The Elm Grove village pool has already made it 10 years passed its expected life span, and although a protective liner has extended its usefulness, it may be time to start looking at what it will take to keep the pool operational in years to come, a village committee has decided.
And that just might lead to a discussion about what the village should do after this one fails.
Trustee Jack Nelson said constructing a new pool and renovating the pool house to meet federal standards is a multi-million dollar project that would requiring advance financial planning. In addition, designing and engineering a new pool takes time.
"There doesn't get to be a much bigger project in the village than this," he said. "This is a wonderful amenity, but it doesn't last forever."
At the request of the Recreation Committee, Elm Grove staff members are looking into the options for determining the pool's condition and life expectancy.
Built in the early 1960s, the concrete pool is showing its age, Recreation Director Amy Jeske said. However, the liner, scheduled for replacement next year, is hiding the pool's surfaces.
Once the liner is taken off next year, engineers will be able to examine those surfaces, but that won't help detect problems that may exist below the concrete deck or in other parts of the pool system, she said.
That information would help the village plan for the future.
"I think it's a matter of when and how we want to go about the process," Jeske said. "Do we want to just keep replacing things until (the pool fails)?"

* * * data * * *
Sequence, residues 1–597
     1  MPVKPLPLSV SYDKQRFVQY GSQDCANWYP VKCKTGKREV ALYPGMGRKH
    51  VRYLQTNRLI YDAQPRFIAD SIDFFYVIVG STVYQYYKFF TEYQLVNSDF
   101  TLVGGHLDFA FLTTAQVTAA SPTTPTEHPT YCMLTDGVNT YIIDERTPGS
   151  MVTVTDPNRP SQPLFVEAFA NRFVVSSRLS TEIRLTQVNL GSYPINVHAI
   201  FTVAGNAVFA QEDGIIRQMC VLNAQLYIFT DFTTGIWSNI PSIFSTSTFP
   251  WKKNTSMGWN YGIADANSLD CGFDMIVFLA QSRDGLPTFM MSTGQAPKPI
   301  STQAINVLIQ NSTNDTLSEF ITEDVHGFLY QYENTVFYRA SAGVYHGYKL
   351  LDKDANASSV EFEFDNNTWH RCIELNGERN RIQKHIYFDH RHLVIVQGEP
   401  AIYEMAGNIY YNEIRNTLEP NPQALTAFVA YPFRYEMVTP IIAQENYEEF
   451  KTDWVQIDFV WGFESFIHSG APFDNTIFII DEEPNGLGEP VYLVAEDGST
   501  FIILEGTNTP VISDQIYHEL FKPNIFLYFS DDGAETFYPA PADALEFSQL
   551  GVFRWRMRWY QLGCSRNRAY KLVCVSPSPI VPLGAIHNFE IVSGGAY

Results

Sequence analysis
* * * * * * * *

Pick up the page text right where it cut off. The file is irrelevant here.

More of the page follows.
Committee members said they feel the pool is important to the community and planning ahead is necessary. They will review options for studying the pool once staff has finished compiling the information.
The discussion is beginning just as residents in neighboring Wauwatosa have received approval to build a new pool at Hoyt Park.
In 2003, Milwaukee County had deemed the cost of maintaining the pool at Hoyt too onerous and shut it down.
A nonprofit coalition of Wauwatosa community members in 2007 began raising funds and accepting donations in order to pay the multimillion dollar cost of building a new pool. So far, the group has raised $6.2 million in private donations and $1.5 million from the county for infrastructure purposes.
Their new pool is estimated to cost $8 million. Additional fundraising for the remaining costs and non-necessities like diving boards, a waterslide and tot waterplay equipment is planned.
The Hoyt Park pool is expected to open on Memorial Day 2011.
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